In this paper, we propose an educational transformation guided by widely shared societal values that provide the resolve to shift education in more expansive and life-affirming directions. The goals of education are aligned with an ethos of life and living; it is generative and generational, and dedicated to conserving how humans as a species can continue to live well and sustainably on this planet. We look at the deeply entrenched theoretical assumptions, foundational metaphors and discourses that shape our understanding of education today. We examine the transformative power of inclusion, diversity and culturally relevant pedagogy (CRP) that supports the development of a positive sense of self, community, and belonging. Rapidly evolving global events provide space to question societal and economic structures that support unsustainable practices, inequity, disparity, and ecological destruction. Finally, we look to theories of change, and a vision of educational governance dedicated to reshaping education for a sustainable future, for de-centralization, enhancing local voice and agency, while enlarging democratic power.
In an essay in 1974, the economist E.F. Schumacher (1997) wrote, “The volume of education continues to increase, yet so do pollution, exhaustion of resources and the dangers of ecological catastrophe. If still more education is to save us, it will be education of a different kind: an education that takes us into the depths of things.” Education is often put forward as a panacea for the world’s problems. What is rarely asked is: “What kind of education?”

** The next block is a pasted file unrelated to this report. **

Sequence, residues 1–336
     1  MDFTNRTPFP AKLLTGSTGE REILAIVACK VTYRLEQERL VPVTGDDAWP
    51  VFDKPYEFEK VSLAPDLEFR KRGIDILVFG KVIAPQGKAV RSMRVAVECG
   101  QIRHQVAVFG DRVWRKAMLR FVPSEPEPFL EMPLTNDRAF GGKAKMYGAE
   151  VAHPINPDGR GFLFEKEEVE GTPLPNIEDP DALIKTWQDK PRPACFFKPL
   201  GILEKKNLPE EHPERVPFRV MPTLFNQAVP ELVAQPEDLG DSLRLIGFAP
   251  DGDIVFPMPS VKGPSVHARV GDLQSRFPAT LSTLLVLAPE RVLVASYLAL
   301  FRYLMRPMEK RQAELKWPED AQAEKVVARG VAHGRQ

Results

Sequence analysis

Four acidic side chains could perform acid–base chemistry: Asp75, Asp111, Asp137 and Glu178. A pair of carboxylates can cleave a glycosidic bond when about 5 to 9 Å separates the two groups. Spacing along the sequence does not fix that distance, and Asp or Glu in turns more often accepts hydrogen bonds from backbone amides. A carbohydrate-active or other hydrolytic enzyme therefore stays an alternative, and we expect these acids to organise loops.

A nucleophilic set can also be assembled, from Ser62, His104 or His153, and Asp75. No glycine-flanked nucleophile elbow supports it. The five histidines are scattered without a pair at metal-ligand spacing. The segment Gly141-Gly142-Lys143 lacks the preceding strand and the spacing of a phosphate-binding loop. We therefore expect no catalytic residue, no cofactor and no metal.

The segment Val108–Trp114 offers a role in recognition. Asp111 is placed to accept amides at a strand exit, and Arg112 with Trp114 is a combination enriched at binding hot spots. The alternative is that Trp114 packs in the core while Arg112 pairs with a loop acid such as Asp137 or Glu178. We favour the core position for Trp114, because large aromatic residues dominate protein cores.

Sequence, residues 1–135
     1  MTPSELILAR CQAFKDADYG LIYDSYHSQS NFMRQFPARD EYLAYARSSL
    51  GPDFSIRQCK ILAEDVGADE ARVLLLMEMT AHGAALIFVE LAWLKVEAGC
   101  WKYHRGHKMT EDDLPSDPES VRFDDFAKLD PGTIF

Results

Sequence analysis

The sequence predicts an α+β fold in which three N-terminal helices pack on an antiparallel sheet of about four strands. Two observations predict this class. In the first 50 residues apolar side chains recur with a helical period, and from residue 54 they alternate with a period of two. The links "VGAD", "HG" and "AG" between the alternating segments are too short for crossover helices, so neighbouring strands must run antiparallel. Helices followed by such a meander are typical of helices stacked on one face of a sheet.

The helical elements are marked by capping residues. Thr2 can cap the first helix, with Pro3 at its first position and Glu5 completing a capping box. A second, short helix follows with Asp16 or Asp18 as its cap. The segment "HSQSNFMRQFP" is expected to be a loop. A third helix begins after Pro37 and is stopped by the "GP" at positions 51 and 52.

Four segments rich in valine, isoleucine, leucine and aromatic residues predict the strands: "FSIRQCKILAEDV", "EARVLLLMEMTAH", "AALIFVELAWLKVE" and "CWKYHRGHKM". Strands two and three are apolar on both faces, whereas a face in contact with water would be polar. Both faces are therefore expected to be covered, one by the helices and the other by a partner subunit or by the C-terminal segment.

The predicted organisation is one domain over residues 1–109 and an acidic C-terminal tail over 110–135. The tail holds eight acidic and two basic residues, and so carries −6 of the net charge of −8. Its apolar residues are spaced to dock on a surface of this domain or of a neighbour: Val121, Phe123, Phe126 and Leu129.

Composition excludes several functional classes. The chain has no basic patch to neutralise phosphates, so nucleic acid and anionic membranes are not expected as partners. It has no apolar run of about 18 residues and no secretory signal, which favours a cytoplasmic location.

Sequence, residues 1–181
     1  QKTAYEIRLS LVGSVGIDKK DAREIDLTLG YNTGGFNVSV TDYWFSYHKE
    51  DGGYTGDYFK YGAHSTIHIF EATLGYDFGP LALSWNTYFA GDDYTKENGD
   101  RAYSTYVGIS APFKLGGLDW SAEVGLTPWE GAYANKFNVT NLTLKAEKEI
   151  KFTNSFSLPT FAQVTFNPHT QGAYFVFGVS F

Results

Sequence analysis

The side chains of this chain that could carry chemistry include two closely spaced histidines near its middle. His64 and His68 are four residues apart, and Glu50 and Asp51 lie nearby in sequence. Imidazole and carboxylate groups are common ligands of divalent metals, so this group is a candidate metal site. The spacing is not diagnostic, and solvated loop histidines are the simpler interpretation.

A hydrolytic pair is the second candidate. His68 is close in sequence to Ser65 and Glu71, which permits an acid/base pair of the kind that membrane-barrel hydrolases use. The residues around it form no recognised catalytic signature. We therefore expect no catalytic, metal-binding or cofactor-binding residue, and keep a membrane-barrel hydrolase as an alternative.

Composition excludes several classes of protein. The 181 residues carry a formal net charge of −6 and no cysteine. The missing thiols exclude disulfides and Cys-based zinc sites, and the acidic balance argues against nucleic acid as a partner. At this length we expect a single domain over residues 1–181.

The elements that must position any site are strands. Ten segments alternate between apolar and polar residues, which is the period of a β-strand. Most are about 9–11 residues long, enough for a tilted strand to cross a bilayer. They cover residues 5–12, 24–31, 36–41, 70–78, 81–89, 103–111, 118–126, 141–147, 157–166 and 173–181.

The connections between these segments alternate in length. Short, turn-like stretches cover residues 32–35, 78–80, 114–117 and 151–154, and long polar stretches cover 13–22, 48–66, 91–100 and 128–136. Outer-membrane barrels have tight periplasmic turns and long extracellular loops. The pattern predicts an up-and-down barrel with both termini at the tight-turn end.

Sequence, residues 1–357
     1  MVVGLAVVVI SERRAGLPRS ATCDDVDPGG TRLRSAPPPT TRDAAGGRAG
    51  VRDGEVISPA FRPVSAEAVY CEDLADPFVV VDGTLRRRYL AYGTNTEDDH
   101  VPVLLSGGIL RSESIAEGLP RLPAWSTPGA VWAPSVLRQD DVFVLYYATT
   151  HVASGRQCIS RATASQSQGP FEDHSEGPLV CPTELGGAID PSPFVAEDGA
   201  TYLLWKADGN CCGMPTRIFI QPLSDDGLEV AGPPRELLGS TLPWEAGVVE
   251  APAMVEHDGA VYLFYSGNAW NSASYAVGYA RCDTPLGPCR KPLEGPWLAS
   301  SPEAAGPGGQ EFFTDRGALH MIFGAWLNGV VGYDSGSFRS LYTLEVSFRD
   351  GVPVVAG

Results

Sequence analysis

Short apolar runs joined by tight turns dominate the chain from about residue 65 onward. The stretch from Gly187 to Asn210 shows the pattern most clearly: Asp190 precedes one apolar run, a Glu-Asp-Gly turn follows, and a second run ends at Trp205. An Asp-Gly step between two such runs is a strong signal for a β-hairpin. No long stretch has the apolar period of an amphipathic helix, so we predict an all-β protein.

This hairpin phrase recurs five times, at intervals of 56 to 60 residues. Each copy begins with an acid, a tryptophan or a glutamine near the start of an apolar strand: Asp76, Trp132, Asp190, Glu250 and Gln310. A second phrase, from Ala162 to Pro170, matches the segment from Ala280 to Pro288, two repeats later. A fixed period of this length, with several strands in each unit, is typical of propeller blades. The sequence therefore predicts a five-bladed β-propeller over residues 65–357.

Producción, acceso y gobernanza del conocimiento
Le paradigme éducatif monoculturel s’apparente à un rouleau compresseur qui broie sur son passage des savoirs locaux aux dimensions multiples (technique, magique, religieuse, relationnelle, rationnelle…) qui lui paraissent irrationnels ou résiduels, alors qu’une bonne partie de ces savoirs joue un rôle très important dans la durabilité humaine et planétaire. Si les écoles et les sociétés du futur veulent réduire les pratiques conscientes et inconscientes de destruction des connaissances locales et autochtones dans les pays du Sud et du Nord, elles doivent inviter les titulaires de ces savoirs à les enseigner et à les utiliser sans contrainte afin de renforcer leur résilience et d’optimiser leur transmission aux générations actuelles et futures. La valorisation de la diversité des savoirs, des parcours historiques, des temporalités, des cultures humaines, des langues, des visions du monde, des modes de pensée et d’action permettra à l’Éducation du futur de faire face à la violence monoculturelle. Les systèmes éducatifs du futur devraient être fondés sur une écologie des savoirs, en ce sens qu’ils sont appelés à articuler les savoirs du Sud et les savoirs du Nord dans la perspective de fabriquer des humains lococentrés, allocentrés et planétocentrés capables de saisir des unités dialectiques dans le flux kaléidoscopique des faits humains et naturels.